Back in early 2009, in several columns, I speculated that just about every country in the world would try to export their way out of recession. In order to do that, each country would endeavor to keep their currency as cheap as they could, thereby reducing the prices of their exports. It’s also a fact that some countries (Brazil, India, China) weathered the world recession far better than others. Critics argue that part of the reason that occurred was that these countries contrived to keep their currencies artificially low and continued to export as much as they could.


Unfortunately, today the world still grabbles with high unemployment and an economic recovery that is anemic at best. As deficits mount and governments scramble to increase the pace of growth, each country is vying to take an increasing share of a shrinking global economic pie. It is the real cause of this war of words which could soon take on a much more concrete form of expression.


China, due to its size and economic prowess, has been singled out as the main culprit in this on-going currency manipulation. Over the weekend, the Chinese resisted demands to strengthen their currency. They argued that they were already beginning to do so, but “gradually”. They warned that if their currency, the yuan, did not remain stable, it would bring disaster to China and the world.


This was seen by the United States as just more stonewalling. Unfortunately, lawmakers are meeting this week to consider punitive measures against China for undervaluing their currency. Called the “Currency Reform for Fair Trade Act," the legislation is intended to make it harder for the Commerce Department to ignore taking retaliatory actions against Chinese exports that are judged to be benefiting from a weak currency.  The passage of such a bill could easily ignite a trade war where we levy duties or outright ban Chinese import A, while China retaliates by doing the same to U.S. import B.


To date, the White House has been able to short circuit any Commerce Department recommendations for any trade embargos that Congress has demanded. People such as U.S. Treasurer Tim Geithner have chosen a less strident approach in convincing other nations to compromise on the currency question. But if this bill passes the landscape could change quickly. It is just this kind of protectionist legislation that extended and prolonged our own Great Depression and that of the rest of the world in the 1930s.


However, before we cast all the blame on China, consider this: many other countries (including our own) are participating in this currency race to the bottom. The Japanese, for example, over the past month have continually intervened to slow the rise of the yen, which is hurting their exports. So far the price tag for that intervention has cost them 2 trillion yen.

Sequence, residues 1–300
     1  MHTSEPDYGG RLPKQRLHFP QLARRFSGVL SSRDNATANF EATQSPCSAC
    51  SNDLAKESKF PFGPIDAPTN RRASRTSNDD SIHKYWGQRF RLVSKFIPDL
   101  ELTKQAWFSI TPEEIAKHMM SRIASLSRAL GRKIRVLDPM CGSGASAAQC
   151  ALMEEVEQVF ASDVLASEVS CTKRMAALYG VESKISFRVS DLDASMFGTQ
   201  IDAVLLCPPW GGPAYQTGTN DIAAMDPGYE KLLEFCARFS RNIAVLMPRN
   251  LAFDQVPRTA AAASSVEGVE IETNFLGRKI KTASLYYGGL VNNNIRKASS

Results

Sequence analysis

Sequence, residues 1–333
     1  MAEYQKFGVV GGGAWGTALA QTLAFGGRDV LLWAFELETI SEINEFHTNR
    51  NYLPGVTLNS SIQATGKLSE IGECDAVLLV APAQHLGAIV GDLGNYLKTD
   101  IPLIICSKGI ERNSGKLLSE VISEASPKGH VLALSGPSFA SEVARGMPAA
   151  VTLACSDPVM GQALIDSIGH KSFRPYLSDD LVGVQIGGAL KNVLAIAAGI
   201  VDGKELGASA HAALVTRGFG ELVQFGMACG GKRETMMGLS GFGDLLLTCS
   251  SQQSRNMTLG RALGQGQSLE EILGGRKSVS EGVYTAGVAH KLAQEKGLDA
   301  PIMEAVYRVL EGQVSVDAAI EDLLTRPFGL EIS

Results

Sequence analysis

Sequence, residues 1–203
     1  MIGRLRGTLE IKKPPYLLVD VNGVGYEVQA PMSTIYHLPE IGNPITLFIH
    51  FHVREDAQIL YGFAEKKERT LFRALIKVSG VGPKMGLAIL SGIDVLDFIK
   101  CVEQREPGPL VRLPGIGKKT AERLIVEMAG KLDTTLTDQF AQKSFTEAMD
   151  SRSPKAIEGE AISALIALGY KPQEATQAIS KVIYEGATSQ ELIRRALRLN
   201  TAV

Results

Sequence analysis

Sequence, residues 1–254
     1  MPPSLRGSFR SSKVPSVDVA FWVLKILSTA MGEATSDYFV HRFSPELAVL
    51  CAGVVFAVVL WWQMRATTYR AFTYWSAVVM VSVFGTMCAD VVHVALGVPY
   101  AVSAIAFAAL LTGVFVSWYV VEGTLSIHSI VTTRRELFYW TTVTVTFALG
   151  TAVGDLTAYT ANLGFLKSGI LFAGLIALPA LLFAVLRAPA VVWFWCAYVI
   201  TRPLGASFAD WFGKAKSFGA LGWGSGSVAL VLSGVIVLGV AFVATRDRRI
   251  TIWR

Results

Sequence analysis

Here at home, the Federal Reserve’s announcement in September that a second tranche of quantitative easing (QE II) is in the works has shaved 7 percent off the greenback’s value in less than three weeks. Last Friday, the Brazilians spent billions to weaken their own currency, the real, and over in Europe the Swiss have been doing the same for months. The euro, thanks to the PIGS (Portugal-Italy-Greece-Spain) crisis, has had its own ups and downs.

 
Since the dollar is still the world’s main reserve currency and it is dropping in value (as is every other currency at the same time) it makes sense that commodities have suddenly caught fire. Since commodities are denominated in U.S. dollars, their value continues to rise as the dollar declines. In a currency war where paper currencies become increasingly suspect and valueless, proxies will appear. This is what I believe is driving the price of gold to new highs. As long as world players insist on growing at the expense of their neighbors, you can expect commodities to continue to rise.

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@theMarket: A September to Remember

Bill Schmick

It was a strong September, the best in 70 years, with the Dow up more than 8 percent for the month while the other averages were not far behind. As the third quarter closes, however, the clear winners were precious metals. But it appears that both commodities and stocks have more to run in the weeks ahead.

At the close of the week, we had a bit of profit taking in stocks as well as commodities, but that was to be expected. As long as the economic numbers continue to come in better than expected, the data will provide support for further upside in these markets.